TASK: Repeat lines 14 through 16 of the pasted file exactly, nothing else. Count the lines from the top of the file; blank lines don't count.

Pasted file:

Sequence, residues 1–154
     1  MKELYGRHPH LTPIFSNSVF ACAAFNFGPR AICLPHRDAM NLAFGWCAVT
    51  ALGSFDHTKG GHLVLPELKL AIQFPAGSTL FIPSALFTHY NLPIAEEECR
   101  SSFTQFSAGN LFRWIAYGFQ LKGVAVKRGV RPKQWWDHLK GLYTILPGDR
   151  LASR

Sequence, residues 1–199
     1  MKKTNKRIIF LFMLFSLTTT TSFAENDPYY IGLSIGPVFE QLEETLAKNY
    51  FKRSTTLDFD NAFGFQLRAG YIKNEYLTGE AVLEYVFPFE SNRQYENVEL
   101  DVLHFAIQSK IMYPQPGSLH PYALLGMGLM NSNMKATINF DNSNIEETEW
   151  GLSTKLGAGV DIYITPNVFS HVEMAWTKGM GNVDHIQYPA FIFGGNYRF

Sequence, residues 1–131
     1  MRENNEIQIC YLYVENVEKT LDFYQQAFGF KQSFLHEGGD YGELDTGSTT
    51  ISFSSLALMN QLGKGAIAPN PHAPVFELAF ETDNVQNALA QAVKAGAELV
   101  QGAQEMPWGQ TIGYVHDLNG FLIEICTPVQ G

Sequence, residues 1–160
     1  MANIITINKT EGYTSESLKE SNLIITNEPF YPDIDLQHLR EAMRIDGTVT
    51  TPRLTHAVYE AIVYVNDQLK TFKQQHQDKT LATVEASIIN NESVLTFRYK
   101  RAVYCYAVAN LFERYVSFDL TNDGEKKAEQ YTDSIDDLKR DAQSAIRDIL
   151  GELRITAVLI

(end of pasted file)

   101  QGAQEMPWGQ TIGYVHDLNG FLIEICTPVQ G

Sequence, residues 1–160
     1  MANIITINKT EGYTSESLKE SNLIITNEPF YPDIDLQHLR EAMRIDGTVT